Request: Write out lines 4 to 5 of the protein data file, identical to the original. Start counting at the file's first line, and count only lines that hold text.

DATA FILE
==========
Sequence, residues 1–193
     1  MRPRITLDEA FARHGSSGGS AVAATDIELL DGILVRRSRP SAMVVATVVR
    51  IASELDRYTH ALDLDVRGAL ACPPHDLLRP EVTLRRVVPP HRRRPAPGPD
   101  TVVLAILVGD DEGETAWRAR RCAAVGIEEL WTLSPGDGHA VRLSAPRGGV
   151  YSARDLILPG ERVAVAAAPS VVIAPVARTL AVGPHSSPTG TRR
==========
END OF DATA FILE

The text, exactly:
   101  TVVLAILVGD DEGETAWRAR RCAAVGIEEL WTLSPGDGHA VRLSAPRGGV
   151  YSARDLILPG ERVAVAAAPS VVIAPVARTL AVGPHSSPTG TRR